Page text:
While at prison in Vinh-Quang in the mountains of North Vietnam, I was sawing wood one afternoon. I asked my ever-present guard, who had become my friend, if I could ask him for a favor. "What is it? I’ll help you" "I want to saw off a small piece of wood in the form of a cross." "Don’t you know that’s strictly forbidden to have any sign of religion whatsoever?" "I promise to keep it hidden." "But it would be extremely dangerous for the both of us." "Close your eyes, I’ll do it right now and I’ll be very careful" He turned his back and left me alone. I sawed a small cross which I later hid in a piece of melted down soap. I have kept it always and had it mounted in a piece of metal and it has become my pectoral cross. In another prison in Hanoi, I became friends with my guard and was able to request a piece of metal wire. He was terrified. "I studied in the University of Police that when someone wants electric wire he want is to kill himself!" he cried. I explained that Christians, and most of all priests, do not commit suicide. "And so what are you going to do with electric wire?" he asked." "I need a chain to wear my cross." "But how can you make a chain from wire?" "If you bring me two little pincers, I’ll show you." "Much too dangerous!" "But we’re friends!" He hesitated and finally said, "It’s too hard to refuse. Tonight at 7 PM we’ll do it. But we have to finish before 11. I’ll have my companion take the evening off. If he knew, he’d denounce the both of us. That evening, with the tools he brought, we cut and shaped and worked together to make my chain and we finished it before 11 PM! This cross and chain are not only my souvenir of captivity, as precious as that may seem. They are a constant reminder that only Christian charity can bring about a change of heart. Not arms, not threats, not the media. It was very hard for my guards to understand when I spoke about loving our enemies, reconciliation and forgiveness. "Do you really love us?" "Yes, I really love you." "Even when we cause you pain? When you suffer because you’re in prison without trial?" "Look at all the years we’ve spent together. Of course, I love you!"

4

"And when you get out, will you tell your people to find us and beat us and hurt our families?" "I’ll continue to love you even if you wish to kill me" "But why?" "Because Jesus taught us to love always; if we don’t, we are no longer worthy to be called Christians." There is not enough time to tell you all the other moving stories which are proof of the liberating power of the love of Jesus. "You wear one uniform and speak one language Charity." Charity is the sign by which you will be recognized as one of our Lord’s disciples. (John 10:10). It is a badge which costs little but is most difficult to find. Charity is the most important language. Saint Paul regarded it as far more important than being able "to speak the languages of men and even of angels" (1 Cor 13:1) (RH 984). o To end this commentary on Sanctifying our Work, I leave with you with some advice from Francis Kong taken from his column in The Philippine Star which he entitled: “Hard Work is not Enough!4:”

Choose to stay in the company of people who would help you be a better person. Choose to dedicate your life to a higher (goal) than just filling up your ego and pride. Choose to live life with the (goal) of helping make this world a little better. Do not just work hard. Work hard and make the right choices. Regardless of your given circumstances, each man land lives in a world of his or her own making. American writer and illustrator Theodor Seuss Geisel says it beautifully: “You have brains in your head. You have feet in your shoes. You can steer yourself any direction you choose.” And above all, choose to love God with all of your heart, soul, strength and mind and to love your neighbors as yourself. IN SUMMARY o One way of understanding the very basic aspect of our spirit, to sanctify ordinary work, would be to look into how we can work with greater faith, hope and charity or how to work as a child of God who knows she is loved immensely by God. St. Josemaria Escriva5, the saint of the ordinary, summarized it so beautifully for us: “You must realize now, more clearly than ever, that God is calling you to serve him in and from the ordinary, secular and civil activities of human life. He waits for us everyday, in the laboratory, in the operating theatre, in the army barracks, in the university chair, in the factory, in the workshop, in the fields, in the home and in all the immense panorama of work. Understand this well: there is something holy, something divine hidden in the most ordinary situations, and it is up to each one of you to discover it. I assure you, my children, that when a Christian carries out with love the most insignificant everyday action, that action overflows with the transcendence of God. That is why I have told you so often, and hammered away at it, that the Christian vocation consists in making heroic verse out of the prose of each day. Heaven and earth seem to merge, my children, on the horizon. But where they really meet is in your hearts, when you sanctify your everyday lives...”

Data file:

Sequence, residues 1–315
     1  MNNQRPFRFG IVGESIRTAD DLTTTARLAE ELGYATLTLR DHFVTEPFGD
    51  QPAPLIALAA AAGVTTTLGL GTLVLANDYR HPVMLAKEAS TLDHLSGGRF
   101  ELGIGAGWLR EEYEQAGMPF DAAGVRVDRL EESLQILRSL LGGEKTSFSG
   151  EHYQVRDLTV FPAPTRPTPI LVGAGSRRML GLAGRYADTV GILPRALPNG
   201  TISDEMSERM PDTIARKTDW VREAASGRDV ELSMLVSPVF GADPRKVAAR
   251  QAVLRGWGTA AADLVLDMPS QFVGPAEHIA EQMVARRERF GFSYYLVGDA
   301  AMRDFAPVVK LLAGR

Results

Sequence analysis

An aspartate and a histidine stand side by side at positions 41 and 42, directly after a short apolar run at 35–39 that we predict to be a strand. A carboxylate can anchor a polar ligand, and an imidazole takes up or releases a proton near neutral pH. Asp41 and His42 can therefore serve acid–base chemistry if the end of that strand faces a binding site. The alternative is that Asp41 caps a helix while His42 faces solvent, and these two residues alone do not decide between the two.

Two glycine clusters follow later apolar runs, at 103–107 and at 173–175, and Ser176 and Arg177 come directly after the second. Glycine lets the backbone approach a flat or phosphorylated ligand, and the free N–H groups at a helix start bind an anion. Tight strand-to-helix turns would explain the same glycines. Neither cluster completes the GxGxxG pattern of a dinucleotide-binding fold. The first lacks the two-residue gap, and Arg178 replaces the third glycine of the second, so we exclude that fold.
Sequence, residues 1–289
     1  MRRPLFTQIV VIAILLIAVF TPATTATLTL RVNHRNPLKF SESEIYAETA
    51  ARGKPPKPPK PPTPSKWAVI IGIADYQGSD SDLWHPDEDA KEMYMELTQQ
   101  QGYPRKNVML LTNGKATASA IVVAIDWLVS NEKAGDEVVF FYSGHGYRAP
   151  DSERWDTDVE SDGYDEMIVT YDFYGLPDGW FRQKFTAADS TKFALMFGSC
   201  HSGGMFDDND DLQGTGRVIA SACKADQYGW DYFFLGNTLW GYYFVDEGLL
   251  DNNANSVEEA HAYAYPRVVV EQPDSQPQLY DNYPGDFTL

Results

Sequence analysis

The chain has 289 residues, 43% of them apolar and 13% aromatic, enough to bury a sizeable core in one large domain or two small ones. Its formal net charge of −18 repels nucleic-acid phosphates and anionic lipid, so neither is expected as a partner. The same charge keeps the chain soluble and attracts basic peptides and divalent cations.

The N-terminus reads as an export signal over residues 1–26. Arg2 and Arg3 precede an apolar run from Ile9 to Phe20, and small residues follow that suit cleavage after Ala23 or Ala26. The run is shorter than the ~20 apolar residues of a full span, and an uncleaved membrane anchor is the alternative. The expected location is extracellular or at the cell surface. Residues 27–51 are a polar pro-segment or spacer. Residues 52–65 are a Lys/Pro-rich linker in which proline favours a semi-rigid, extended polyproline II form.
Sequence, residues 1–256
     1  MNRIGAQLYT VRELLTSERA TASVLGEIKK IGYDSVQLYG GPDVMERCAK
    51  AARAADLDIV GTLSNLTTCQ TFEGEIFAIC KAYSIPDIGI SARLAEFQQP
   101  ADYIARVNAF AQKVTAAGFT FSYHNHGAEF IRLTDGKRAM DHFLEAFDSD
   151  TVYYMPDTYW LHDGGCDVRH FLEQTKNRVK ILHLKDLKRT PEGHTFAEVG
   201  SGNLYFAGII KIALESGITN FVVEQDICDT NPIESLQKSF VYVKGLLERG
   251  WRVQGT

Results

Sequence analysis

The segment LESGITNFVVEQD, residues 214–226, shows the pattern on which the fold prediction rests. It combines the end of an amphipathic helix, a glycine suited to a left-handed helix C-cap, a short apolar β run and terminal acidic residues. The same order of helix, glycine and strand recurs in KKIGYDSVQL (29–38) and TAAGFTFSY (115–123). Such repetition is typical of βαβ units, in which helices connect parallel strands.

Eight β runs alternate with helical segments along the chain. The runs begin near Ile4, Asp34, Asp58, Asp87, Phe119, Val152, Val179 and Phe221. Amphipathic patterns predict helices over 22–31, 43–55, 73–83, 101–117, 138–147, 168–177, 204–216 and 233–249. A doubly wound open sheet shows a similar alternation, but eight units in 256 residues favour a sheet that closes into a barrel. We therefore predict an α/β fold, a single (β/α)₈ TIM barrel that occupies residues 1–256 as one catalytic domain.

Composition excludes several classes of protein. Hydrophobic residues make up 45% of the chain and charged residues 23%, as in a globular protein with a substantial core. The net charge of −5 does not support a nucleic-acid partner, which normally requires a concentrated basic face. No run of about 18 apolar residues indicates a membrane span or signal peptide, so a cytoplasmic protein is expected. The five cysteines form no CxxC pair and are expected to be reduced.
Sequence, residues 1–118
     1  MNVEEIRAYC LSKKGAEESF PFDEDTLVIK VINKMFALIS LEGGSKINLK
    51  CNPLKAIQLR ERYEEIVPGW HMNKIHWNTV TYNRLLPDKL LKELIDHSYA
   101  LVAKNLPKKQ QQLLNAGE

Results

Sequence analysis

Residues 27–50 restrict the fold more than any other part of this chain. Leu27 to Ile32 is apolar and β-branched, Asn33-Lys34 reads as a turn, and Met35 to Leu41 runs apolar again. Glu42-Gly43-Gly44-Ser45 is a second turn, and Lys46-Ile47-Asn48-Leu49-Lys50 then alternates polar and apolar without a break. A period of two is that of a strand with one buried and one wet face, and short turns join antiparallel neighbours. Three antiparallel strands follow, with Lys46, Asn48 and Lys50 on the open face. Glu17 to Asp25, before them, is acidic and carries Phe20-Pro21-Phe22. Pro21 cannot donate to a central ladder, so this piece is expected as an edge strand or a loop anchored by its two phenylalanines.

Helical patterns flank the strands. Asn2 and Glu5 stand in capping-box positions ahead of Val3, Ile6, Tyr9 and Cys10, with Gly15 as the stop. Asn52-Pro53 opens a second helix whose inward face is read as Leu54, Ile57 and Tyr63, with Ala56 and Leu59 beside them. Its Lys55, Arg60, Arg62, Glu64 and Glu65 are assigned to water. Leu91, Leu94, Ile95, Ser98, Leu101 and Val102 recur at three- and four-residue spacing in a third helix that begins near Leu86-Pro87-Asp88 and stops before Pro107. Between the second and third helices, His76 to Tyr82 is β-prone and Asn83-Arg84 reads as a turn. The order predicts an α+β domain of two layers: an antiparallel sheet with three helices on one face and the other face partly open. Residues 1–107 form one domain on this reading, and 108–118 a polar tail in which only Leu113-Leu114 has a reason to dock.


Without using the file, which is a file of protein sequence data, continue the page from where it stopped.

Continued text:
We have to live life purposefully and we have to make the right choices. It is amazing to see that even less educated people can be more successful than those whose walls in their living rooms are adorned with various educational degrees. It is likewise amazing to know that people who came from poverty can rise up to succeed while many wealthy people who have inherited their riches lose everything they have within a few years. “Who am I?” “Why am I here?” “Where am I going?” These are questions of origin, meaning, morality and destiny. Choose to be a person of character. Choose hard work over get-rich-quick scheme. Choose nobility over shameful acts. Choose to love God over loving the world and everything this world system represents. Choose to be faithful in your work. Choose to grow not only in character but in skills every day of your life. Choose to love your country and obey the laws even when others are not. Choose to understand that God has created you for (a reason, for a mission). o

o

4

Francis J. Kong (The Philippine Star) Jan 02, 2010

5

http://www.escrivaworks.org/book/in_love_with_the_church-chapter-4.htm

5

You're Reading a Free Preview

Download
scribd
/*********** DO NOT ALTER ANYTHING BELOW THIS LINE ! ************/ var s_code=s.t();if(s_code)document.write(s_code)//-->